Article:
The notion of unity, or of «being one», has a long tradition in the history of philosophy. It is perhaps the notion to which most discussion has been devoted after that of «being». It has a wide impact, and presents itself under various and different titles: truth, mind, god/God, goodness, the distinction between general and particular and so on. This holds especially for medieval philosophy.
What does «unity» mean, and to what does it apply? What is its relation to knowledge and naming? And to being? To what extent can being be said to be one?
Medieval philosophers were realists in ontology, some to a lesser, some to a greater degree. They all accepted the reality of concrete individual substances, whether existent or not. These entities are singular, and numerically one. However, the views of the medievals differed on the question whether there was another reality, i.e. one beyond the physical reality, on a metaphysical level. If so, what kind of unity is it? To define the nature of it is not easy.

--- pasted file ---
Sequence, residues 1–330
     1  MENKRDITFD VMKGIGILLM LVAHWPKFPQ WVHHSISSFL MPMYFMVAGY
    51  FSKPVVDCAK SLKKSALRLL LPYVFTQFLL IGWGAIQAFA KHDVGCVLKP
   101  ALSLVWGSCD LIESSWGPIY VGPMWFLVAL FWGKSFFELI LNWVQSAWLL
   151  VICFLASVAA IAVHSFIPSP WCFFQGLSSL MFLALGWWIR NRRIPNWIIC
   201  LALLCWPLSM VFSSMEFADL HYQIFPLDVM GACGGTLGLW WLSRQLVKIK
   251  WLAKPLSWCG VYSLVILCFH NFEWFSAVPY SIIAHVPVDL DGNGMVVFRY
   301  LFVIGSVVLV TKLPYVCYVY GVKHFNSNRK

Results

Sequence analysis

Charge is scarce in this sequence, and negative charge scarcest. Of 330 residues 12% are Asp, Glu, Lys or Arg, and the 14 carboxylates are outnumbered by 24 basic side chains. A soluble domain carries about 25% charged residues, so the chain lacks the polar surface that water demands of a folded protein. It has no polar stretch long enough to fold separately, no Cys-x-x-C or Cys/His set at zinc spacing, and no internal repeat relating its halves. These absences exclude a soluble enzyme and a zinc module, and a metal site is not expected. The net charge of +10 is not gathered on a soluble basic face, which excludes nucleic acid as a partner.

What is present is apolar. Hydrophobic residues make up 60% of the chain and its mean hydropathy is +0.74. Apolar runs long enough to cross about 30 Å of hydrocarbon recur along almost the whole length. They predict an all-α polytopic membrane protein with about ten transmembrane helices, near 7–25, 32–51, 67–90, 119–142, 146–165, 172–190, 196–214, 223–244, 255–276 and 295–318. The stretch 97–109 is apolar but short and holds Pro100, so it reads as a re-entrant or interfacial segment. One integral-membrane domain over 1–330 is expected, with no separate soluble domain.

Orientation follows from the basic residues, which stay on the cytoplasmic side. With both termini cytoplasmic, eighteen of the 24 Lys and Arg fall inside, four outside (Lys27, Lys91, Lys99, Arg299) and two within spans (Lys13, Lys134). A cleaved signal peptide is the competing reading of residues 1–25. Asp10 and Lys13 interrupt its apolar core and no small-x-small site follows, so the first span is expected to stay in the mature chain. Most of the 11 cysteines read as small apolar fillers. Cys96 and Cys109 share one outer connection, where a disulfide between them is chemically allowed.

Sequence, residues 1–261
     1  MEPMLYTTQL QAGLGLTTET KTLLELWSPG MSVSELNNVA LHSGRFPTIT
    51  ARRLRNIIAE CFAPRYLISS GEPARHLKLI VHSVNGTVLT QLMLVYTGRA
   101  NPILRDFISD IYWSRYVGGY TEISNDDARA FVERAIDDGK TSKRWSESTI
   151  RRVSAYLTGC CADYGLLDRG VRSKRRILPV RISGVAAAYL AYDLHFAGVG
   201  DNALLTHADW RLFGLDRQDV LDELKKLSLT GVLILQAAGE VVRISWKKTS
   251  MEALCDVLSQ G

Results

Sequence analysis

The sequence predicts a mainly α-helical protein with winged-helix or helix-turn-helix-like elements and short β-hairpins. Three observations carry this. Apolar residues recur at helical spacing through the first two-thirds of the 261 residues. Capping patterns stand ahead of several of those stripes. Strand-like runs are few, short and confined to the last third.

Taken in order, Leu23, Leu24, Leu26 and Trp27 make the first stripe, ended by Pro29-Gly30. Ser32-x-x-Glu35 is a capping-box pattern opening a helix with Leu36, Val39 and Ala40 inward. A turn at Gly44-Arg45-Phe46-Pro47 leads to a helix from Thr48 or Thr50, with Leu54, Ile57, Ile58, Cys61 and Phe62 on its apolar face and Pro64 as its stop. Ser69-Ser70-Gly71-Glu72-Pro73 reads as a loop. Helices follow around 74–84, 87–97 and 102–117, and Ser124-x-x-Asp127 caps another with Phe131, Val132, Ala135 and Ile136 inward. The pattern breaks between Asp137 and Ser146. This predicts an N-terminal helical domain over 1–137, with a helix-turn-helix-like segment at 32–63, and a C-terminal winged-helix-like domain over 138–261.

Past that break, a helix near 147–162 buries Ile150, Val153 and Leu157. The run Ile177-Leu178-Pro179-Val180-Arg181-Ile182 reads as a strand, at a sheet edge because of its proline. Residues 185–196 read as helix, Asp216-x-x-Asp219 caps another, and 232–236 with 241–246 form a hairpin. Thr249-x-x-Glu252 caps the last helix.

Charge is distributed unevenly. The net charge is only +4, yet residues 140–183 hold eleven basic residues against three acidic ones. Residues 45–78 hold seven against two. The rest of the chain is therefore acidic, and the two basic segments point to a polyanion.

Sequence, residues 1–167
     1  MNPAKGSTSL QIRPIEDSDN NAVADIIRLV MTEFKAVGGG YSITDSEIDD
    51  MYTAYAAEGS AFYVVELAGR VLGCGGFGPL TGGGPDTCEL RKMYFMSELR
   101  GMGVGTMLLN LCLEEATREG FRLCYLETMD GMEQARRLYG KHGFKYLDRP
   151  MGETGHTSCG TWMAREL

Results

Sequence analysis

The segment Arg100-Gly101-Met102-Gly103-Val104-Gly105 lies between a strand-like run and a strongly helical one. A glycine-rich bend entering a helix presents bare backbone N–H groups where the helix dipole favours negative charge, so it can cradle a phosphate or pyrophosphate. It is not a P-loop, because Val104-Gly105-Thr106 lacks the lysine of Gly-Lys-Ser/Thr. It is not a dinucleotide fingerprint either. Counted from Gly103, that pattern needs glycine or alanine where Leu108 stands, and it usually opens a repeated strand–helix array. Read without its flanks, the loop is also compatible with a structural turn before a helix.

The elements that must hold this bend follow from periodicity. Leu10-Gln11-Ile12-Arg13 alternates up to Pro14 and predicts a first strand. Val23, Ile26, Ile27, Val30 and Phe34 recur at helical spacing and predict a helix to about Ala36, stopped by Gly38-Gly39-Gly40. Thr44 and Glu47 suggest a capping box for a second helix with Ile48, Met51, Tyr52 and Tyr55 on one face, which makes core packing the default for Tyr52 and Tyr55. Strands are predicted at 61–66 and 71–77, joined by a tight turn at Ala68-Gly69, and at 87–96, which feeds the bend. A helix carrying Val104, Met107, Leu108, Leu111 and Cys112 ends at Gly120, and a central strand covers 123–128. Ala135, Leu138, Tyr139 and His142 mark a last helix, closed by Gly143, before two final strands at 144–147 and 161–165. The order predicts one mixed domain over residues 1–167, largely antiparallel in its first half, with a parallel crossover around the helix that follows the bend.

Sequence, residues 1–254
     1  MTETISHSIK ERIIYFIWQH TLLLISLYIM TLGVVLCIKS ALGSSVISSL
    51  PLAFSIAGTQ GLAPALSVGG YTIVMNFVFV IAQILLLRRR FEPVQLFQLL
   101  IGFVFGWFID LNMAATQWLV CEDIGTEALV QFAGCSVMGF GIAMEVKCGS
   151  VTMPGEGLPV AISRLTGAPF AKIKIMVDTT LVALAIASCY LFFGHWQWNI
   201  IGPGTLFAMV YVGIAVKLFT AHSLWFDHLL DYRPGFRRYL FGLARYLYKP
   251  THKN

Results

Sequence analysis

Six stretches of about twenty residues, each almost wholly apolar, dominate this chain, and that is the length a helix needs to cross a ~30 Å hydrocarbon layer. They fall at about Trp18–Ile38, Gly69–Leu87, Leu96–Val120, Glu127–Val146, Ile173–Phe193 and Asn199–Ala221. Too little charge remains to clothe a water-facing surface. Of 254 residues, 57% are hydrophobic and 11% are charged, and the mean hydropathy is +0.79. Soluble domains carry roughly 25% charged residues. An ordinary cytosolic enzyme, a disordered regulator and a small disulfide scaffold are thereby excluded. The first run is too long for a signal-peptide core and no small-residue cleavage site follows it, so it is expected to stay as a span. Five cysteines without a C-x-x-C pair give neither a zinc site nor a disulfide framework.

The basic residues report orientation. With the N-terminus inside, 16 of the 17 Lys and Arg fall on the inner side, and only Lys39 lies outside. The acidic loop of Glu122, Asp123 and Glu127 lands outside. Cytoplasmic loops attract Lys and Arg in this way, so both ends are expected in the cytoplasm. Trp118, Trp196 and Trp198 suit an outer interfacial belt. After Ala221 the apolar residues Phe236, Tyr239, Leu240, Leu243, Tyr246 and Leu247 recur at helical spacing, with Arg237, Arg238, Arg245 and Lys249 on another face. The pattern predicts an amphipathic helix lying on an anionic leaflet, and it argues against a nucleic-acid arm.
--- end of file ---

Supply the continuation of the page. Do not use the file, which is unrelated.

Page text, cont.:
John Duns Scot and his pupils, among whom was Petrus Thomae (a Spaniard, born in Catalonia, ca. 1280), accepted such a unity. They accept, of course, the reality of singular concrete things, which numerically are one. However, they posit another reality, which is «less than numerical», as they labelled it. This unity is neither general, because generality is a product of the mind, nor is it singular.
Pupils and followers of Duns Scotus felt the need to systematise some of their masters' principal ideas. An example of this is Peter Thomae. With the intention to clarify and systematise, Peter wrote a short tract titled De unitate minori ('On unity that is less than numerical'), which is edited here. This volume of the Bibliotheca is a first critical edition of the tract.